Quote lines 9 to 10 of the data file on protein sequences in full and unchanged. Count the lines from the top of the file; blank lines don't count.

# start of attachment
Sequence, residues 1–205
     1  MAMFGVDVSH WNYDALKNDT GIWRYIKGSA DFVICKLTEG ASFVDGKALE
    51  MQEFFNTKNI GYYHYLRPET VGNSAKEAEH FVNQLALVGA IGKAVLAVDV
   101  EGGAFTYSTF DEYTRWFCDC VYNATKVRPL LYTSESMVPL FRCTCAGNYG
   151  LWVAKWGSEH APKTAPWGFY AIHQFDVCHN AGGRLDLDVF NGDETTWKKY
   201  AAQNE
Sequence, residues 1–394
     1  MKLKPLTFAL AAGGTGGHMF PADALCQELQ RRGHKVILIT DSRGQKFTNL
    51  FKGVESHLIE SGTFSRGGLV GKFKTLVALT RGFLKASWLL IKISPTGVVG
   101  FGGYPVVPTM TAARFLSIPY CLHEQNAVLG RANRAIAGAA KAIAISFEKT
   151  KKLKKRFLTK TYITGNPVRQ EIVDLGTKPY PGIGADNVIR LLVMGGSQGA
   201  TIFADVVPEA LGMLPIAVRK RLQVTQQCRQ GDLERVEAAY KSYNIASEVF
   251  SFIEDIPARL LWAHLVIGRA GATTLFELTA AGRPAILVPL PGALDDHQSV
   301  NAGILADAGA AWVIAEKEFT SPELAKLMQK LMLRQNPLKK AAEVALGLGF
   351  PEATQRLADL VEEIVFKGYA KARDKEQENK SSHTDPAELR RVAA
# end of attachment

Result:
    51  FKGVESHLIE SGTFSRGGLV GKFKTLVALT RGFLKASWLL IKISPTGVVG
   101  FGGYPVVPTM TAARFLSIPY CLHEQNAVLG RANRAIAGAA KAIAISFEKT